9. You’re Talking to the Wrong People.

You can have everything else right and still not make your first sale because you’re talking to people who are not your ideal clients. They don’t have the Big Challenge or the Big Dream that you’re so great at helping people with, so of course they don’t see value in your service, and they’re doing you a favor by not buying it from you! Get clear on who the right people are. Hopefully you’ve had them in mind from the start. If not, it’s not too late to identify the characteristics and qualities that distinguish your people. And please don’t say “willing to invest in themselves.” Dare to get more specific (like “visionaries who want to give birth to their businesses”) and get in conversation with them.


10. You Just Haven’t Sold it Yet.

If everything else checks out, chill out. Chances are you’ve got a winner of an offering — your work is to keep having conversations with the right people, refine your approach each time, and in the universe’s timing (which I do hope is soon) you’ll have more clients than you can handle. If a voice in your head is telling you to quit as you get close to that first sale, don’t trust it. You’re probably hitting an upper limit. Breathe. Stick with it. If not for yourself, do it for your brilliant idea who wants to be born through you, and for your future clients for whom your new service will be the perfect medicine.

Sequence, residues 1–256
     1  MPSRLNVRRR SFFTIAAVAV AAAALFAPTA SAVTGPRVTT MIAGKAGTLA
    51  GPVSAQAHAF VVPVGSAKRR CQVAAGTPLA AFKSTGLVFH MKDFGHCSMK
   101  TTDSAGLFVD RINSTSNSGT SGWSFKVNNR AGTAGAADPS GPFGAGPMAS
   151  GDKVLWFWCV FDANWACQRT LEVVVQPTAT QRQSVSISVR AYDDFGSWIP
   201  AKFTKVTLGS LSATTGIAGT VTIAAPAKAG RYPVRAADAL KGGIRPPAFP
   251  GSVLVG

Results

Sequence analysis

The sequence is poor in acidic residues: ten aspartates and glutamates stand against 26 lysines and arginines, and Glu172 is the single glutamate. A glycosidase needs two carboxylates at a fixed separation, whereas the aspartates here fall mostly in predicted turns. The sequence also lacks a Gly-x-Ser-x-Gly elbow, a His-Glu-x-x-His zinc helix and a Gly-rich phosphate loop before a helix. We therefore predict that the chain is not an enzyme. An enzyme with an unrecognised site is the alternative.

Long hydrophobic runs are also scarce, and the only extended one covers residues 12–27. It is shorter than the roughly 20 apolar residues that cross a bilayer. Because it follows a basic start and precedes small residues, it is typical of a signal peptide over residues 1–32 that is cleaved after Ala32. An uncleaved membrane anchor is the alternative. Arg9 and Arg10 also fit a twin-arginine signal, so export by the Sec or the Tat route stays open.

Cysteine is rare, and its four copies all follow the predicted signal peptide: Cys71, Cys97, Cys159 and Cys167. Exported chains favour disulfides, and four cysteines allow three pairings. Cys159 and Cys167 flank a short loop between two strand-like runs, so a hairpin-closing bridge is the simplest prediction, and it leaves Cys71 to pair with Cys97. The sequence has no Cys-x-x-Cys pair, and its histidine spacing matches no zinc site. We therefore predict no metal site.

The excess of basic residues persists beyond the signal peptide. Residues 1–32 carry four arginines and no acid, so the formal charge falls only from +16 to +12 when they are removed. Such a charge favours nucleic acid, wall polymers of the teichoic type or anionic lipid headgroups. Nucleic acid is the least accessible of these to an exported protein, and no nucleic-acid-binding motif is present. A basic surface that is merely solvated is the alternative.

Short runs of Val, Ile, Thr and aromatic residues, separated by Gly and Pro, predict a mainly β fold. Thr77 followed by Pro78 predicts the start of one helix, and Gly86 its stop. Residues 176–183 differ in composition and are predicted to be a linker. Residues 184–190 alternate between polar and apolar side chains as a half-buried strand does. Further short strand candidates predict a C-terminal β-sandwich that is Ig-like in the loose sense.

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Well, now that you’ve read these 10 reasons and had your thinking shaken up a bit, time to roll up your sleeves. Go back and identify which of these seem to be getting in the way of making your first sale. It might be one, it might be all 10 – whatever you discover, it’s better to know, right?

And if you’d like some help sorting it all out in one fell swoop, I’m here for you. It’s always nice when that first sale happens sooner rather than later. Woohoo! Then onto the next mountain…